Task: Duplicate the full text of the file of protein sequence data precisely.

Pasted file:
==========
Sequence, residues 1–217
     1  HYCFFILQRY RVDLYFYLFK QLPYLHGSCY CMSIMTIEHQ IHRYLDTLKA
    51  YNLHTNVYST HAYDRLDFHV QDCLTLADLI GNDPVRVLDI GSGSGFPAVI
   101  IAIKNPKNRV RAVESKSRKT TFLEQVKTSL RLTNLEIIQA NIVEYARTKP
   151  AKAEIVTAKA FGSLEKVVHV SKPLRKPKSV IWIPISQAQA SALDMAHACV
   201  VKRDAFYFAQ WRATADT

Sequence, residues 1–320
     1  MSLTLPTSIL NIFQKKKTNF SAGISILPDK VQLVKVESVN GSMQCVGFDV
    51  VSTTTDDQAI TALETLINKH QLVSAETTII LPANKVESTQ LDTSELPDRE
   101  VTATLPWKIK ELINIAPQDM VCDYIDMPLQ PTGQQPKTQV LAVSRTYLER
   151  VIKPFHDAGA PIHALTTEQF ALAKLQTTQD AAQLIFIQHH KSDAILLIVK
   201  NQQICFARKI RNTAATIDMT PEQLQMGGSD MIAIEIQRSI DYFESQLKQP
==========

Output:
Sequence, residues 1–217
     1  HYCFFILQRY RVDLYFYLFK QLPYLHGSCY CMSIMTIEHQ IHRYLDTLKA
    51  YNLHTNVYST HAYDRLDFHV QDCLTLADLI GNDPVRVLDI GSGSGFPAVI
   101  IAIKNPKNRV RAVESKSRKT TFLEQVKTSL RLTNLEIIQA NIVEYARTKP
   151  AKAEIVTAKA FGSLEKVVHV SKPLRKPKSV IWIPISQAQA SALDMAHACV
   201  VKRDAFYFAQ WRATADT

Sequence, residues 1–320
     1  MSLTLPTSIL NIFQKKKTNF SAGISILPDK VQLVKVESVN GSMQCVGFDV
    51  VSTTTDDQAI TALETLINKH QLVSAETTII LPANKVESTQ LDTSELPDRE
   101  VTATLPWKIK ELINIAPQDM VCDYIDMPLQ PTGQQPKTQV LAVSRTYLER
   151  VIKPFHDAGA PIHALTTEQF ALAKLQTTQD AAQLIFIQHH KSDAILLIVK
   201  NQQICFARKI RNTAATIDMT PEQLQMGGSD MIAIEIQRSI DYFESQLKQP